ABC of Spain strikes again. According to their latest report, he is in his last throes, was sent to La Orchila, a presidential island that he has set up already in 2011 with a mini hospital for his personal use (modeled on the ones of the Castro's?). I do not know whether ABC is on the mark but in the past they have been proven right more often than wrong and the conspicuous absence of relatives visiting Chavez at the Military Hospital has made too many suspect that he is not there to begin with.
Never mind that for all practical purposes Maduro is on campaign trail since early January; though wits would point out that Venezuela has been for all practical purposes a permanent campaign since mid 1998.....
It is thus time to start a first formal survey of the electoral situation, even though I have been using the tag "2013 elections" for quite a while already. Fear not, it is going to be rather simple.
My impression is that nothing much has changed since October 7 2012; nor is there any reason to change anything. The cult of Chavez "martyrdom" is enough to compensate, for the time being, whatever is going bad in the country. We saw that in December where chavismo went down already by a few points but since the opposition made its own errors they were still able to carry the day and trash the opposition. YVpolis in his first calculation agrees with my intuition, so to speak.
We thus start with, for simplification, a 55% to 45% spread (8,2 to 6,6 millions). What is more important than the spread is the solidity of each block because, let's not forget, the election was won by Chavez on a low abstention courtesy of an impressive get out the vote machinery, and vote buying to boot, of course. But it is clear that without Chavez on top of the ticket abstention is going to be larger. Not to mention that the motivation for the get out of the vote team is going to be more expensive with Maduro than with Chavez. Can we see, say, 0,4 million lost to abstention already there?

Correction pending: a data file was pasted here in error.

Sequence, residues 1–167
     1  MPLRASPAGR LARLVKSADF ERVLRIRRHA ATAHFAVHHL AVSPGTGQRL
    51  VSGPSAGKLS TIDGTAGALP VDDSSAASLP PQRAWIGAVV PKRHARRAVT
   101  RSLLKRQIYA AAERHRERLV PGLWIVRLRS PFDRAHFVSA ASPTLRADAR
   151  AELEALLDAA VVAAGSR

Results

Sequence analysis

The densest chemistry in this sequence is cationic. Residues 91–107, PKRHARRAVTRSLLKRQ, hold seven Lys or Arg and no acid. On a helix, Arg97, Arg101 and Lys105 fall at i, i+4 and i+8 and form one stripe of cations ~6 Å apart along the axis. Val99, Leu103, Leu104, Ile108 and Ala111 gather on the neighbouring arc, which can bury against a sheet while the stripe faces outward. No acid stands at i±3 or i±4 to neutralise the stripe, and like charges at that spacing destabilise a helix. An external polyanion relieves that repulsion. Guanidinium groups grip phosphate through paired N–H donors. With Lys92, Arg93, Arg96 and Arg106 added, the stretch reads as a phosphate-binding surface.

In addition the mishandling and manipulation of the Chavez final days by the regime could also turn off quite a few chavista voters. They may either join the abstention ranks and some even vote for the opposition to punish Maduro et al. Let's just say that they will abstain because of the manipulation and thus we could perhaps guess an extra 0,3 million. Chavismo does get down to 7,5 at the start of the 1 month campaign (1).
In chavismo favor, besides the emotional manipulation of Chavez diseases, there is that the economic situation has not worsened in a palpable way outside of high scarcity index. By June it will become a real issue thiough with a preemptive small minimum wage hike before traditional May 1, they could slow down that erosion. Still, I think that it is safe to say that the worsening economic situation has been eroding the chavista base by 0,05 million a month since October; by May 1 it would be an extra 0,3 million loss, to abstention but maybe also in favor of the opposition.
My personal opinion is that Maduro high score is thus not going to be more than 7,2 million votes. If elections are held in May, and if he really botches Chavez funeral.
The opposition starts with a more solid 6,6 million block to which maybe it can add 0,3 transfer from chavismo once Chavez is not on top of the ticket. Lo'n behold, we are 6,9 to 7,2, a slim advantage for Maduro that he can lose very easily with a single campaign blunder. But it is not that easy.